Mentions: The NJ tree constructed on the basis of the sequence polymorphisms of all five target barcodes allowed splitting of the accessions of the species V. labrusca, V. cinerea, V. berlandieri, V. rupestris and V. riparia into distinct main branches with bootstrap values higher than 75% (Figure 4), whereas the branching nodes of V. vinifera cultivars were weakly supported (see Additional file 3). Because of the lack of resolution of the NJ tree for V. vinifera accessions, a new approach based on genotype reconstruction was tested using the characteristic attributes by exploring the information content of single SNPs.

Bottom Line: Vitis vinifera L. is one of society's most important agricultural crops with a broad genetic variability.The analysis of the chloroplast target regions proved the inadequacy of the DNA barcoding approach at the subspecies level, and hence further DNA genotyping analyses were targeted on the sequences of five nuclear single-copy genes amplified across all of the accessions.The sequencing of the coding region of the UFGT nuclear gene (UDP-glucose: flavonoid 3-0-glucosyltransferase, the key enzyme for the accumulation of anthocyanins in berry skins) enabled the discovery of discriminant SNPs (1/34 bp) and the reconstruction of 130 V. vinifera distinct genotypes.

View Article: PubMed Central - HTML - PubMed

Affiliation: Laboratory of Plant Genetics and Genomics, DAFNAE, University of Padova, Campus of Agripolis - Viale Università 16, 35020 Padova, Legnaro, Italy. gianni.barcaccia@unipd.it.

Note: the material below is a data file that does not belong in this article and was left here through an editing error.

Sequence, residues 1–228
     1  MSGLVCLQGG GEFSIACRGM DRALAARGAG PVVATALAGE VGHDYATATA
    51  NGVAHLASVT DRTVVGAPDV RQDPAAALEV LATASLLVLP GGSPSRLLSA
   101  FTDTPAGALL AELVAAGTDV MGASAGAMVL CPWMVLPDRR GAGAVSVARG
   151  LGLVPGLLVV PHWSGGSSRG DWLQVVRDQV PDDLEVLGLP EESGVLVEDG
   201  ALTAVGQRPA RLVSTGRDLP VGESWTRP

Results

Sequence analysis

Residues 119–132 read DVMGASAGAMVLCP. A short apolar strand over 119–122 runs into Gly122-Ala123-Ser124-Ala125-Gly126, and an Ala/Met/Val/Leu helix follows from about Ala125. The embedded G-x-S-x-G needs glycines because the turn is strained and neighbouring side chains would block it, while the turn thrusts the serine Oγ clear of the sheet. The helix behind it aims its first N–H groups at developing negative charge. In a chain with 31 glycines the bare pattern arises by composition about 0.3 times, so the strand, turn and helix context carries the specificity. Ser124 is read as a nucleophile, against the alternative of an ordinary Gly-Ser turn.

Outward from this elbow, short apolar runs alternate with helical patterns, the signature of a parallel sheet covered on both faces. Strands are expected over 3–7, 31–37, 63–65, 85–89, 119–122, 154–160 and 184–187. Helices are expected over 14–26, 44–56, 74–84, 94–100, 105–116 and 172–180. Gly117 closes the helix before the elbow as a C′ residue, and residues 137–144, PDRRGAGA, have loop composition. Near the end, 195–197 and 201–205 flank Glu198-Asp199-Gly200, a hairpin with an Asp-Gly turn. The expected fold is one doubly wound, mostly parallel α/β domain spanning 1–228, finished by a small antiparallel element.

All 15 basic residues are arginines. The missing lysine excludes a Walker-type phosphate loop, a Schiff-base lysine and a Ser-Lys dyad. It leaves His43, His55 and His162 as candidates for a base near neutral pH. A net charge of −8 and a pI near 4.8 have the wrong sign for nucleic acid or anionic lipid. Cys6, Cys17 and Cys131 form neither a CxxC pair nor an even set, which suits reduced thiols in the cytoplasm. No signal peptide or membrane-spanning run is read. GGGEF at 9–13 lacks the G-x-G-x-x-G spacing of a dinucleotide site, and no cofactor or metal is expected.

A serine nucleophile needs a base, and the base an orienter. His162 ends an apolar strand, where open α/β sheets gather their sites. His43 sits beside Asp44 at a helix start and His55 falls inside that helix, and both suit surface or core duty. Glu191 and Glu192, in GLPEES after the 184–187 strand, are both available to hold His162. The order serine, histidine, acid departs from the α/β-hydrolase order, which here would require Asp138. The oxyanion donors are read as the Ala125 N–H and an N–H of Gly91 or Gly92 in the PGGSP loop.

ABSTRACT

Background: Vitis vinifera L. is one of society's most important agricultural crops with a broad genetic variability. The difficulty in recognizing grapevine genotypes based on ampelographic traits and secondary metabolites prompted the development of molecular markers suitable for achieving variety genetic identification.

Findings: Here, we propose a comparison between a multi-locus barcoding approach based on six chloroplast markers and a single-copy nuclear gene sequencing method using five coding regions combined with a character-based system with the aim of reconstructing cultivar-specific haplotypes and genotypes to be exploited for the molecular characterization of 157 V. vinifera accessions. The analysis of the chloroplast target regions proved the inadequacy of the DNA barcoding approach at the subspecies level, and hence further DNA genotyping analyses were targeted on the sequences of five nuclear single-copy genes amplified across all of the accessions. The sequencing of the coding region of the UFGT nuclear gene (UDP-glucose: flavonoid 3-0-glucosyltransferase, the key enzyme for the accumulation of anthocyanins in berry skins) enabled the discovery of discriminant SNPs (1/34 bp) and the reconstruction of 130 V. vinifera distinct genotypes. Most of the genotypes proved to be cultivar-specific, and only few genotypes were shared by more, although strictly related, cultivars.

Conclusion: On the whole, this technique was successful for inferring SNP-based genotypes of grapevine accessions suitable for assessing the genetic identity and ancestry of international cultivars and also useful for corroborating some hypotheses regarding the origin of local varieties, suggesting several issues of misidentification (synonymy/homonymy).

Show MeSH